So-Called Modesty Committees Bully Businesses, Cyclists

Categories: Hasids

hasidic brooklyn.jpg
Flickr user johnwilliamsphd
It's typical for people in Orthodox Jewish communities to dress conservatively; you'll often see women in long-sleeved tops and full skirts or men in pants and high-collared shirts strolling through southern Brooklyn.

What's unusual is the lengths some will go to make sure their neighbors follow the dress code.

The Times reports that so-called "modesty committees" have taken to enforcing modest dress using whatever creepy means they deem necessary. The groups have made a habit of threatening local businesses and families who aren't following the rules. "They operate like the Mafia," Rabbi Allan Nadler told the Times, "They walk into a store and say it would be a shame if your window was broken or you lost your clientele."

Unfortunately, the demands for dowdy apparel are nothing new. In 2009, the Hasidic community of Williamsburg clashed with their secular neighbors over bike lanes, claiming the influx of female cyclists showing skin was distracting to men. At the time, a member of Community Board 1 told the Post, "I have to admit, it's a major issue, women passing through here in that dress code." Eventually, the Hasids won out and the effort to create a bike lane down Kent Avenue was abandoned.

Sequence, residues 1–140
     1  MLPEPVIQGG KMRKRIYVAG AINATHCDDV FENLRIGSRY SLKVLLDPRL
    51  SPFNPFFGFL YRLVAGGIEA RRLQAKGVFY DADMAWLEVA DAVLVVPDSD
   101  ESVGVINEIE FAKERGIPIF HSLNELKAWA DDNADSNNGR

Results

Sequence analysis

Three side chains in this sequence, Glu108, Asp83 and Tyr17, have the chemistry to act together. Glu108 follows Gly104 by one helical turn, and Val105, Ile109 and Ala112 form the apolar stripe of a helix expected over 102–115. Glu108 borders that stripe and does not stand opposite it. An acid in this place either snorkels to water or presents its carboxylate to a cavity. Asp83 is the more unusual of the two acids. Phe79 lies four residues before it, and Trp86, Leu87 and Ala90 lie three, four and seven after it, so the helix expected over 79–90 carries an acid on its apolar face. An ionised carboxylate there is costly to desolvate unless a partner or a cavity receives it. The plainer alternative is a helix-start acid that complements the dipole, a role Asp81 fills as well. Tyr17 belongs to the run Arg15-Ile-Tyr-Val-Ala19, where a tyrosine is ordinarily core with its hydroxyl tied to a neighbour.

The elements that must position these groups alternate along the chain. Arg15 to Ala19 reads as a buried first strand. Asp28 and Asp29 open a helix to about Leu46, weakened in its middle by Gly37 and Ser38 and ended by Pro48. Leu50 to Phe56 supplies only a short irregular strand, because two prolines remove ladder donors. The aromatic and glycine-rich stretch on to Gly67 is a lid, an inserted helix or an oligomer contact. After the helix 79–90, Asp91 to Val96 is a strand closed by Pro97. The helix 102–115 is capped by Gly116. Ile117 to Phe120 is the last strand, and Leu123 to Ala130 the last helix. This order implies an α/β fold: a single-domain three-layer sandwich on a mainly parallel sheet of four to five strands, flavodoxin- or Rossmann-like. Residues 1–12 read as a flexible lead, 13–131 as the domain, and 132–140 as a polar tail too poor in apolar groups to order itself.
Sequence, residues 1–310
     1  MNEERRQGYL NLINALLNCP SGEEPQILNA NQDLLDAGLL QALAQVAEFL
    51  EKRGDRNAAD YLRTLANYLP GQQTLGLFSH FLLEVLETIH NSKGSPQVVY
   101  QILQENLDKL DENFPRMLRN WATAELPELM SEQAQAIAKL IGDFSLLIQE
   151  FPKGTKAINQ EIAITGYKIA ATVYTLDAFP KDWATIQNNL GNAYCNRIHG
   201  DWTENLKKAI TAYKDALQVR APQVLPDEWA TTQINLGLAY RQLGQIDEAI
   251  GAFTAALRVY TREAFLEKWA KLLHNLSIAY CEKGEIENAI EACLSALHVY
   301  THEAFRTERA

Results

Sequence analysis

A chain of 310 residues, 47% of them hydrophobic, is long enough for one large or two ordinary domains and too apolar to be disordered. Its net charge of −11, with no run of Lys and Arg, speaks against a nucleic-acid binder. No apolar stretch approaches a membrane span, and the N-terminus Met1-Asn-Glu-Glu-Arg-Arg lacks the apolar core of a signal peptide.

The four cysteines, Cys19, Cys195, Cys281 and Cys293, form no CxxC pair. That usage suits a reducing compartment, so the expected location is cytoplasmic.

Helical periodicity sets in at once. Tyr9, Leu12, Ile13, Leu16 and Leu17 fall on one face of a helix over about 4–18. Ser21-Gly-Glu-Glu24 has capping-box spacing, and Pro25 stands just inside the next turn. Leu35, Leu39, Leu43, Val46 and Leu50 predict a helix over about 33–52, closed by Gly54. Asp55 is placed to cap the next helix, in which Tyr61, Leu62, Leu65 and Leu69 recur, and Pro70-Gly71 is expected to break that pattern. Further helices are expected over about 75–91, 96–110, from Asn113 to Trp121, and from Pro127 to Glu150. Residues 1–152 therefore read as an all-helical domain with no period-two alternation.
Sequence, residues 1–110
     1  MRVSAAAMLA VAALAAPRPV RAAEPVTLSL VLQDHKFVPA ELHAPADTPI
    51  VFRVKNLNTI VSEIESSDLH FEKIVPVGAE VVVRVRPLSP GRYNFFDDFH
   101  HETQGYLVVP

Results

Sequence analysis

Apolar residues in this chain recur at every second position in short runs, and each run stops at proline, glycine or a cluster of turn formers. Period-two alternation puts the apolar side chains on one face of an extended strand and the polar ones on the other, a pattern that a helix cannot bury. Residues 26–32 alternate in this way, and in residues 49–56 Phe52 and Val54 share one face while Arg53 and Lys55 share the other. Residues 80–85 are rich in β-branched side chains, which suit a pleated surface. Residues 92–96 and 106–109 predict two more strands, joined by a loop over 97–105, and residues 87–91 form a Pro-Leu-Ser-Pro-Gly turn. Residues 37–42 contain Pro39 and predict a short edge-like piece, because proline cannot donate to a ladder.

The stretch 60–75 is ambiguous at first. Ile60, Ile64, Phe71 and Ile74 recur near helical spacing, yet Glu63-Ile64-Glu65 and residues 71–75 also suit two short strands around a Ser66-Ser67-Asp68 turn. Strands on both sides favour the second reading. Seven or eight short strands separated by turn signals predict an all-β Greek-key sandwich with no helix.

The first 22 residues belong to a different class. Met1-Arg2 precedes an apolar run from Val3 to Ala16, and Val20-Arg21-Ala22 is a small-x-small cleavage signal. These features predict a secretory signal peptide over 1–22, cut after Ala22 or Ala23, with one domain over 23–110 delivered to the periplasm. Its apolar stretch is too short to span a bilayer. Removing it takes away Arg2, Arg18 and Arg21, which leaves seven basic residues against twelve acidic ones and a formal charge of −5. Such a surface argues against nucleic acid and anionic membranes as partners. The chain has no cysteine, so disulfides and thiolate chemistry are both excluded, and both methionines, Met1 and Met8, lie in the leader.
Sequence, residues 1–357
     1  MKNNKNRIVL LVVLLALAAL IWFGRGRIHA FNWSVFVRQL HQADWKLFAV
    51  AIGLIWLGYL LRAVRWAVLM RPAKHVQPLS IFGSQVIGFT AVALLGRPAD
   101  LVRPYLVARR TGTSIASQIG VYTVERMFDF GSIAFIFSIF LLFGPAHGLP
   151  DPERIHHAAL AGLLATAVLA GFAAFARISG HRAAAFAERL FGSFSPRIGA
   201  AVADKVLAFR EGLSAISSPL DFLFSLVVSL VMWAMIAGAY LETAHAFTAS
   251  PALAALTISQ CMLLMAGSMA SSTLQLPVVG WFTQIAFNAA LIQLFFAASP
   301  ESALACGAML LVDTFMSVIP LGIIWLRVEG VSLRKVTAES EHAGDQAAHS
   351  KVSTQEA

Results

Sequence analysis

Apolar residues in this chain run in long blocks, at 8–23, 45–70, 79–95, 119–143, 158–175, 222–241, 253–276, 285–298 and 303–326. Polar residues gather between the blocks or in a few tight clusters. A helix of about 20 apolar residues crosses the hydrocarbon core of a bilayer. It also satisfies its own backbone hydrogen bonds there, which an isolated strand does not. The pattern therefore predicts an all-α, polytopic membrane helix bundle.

Even without that particular bike lane, female cyclists are still having trouble with their commutes. One former Flatbush resident, who was uncomfortable with us using her name, described the heckling she regularly received on her rides through southern Brooklyn: "A typical outfit would be jeans and a short sleeve shirt, but I would get hassled. People would holler at me and dads would cover their kids eyes."

The Times also cataloged a number of disturbing incidents, in which modesty committees forced their way into offenders' homes and confiscated phones, iPads, and computer equipment that were thought to provide access to inappropriate material.

We get that religious and community values are important, but so is protecting the viewpoint -- and fashion sense -- of people who don't ascribe to the same beliefs. For now, all we can say is oy vey.


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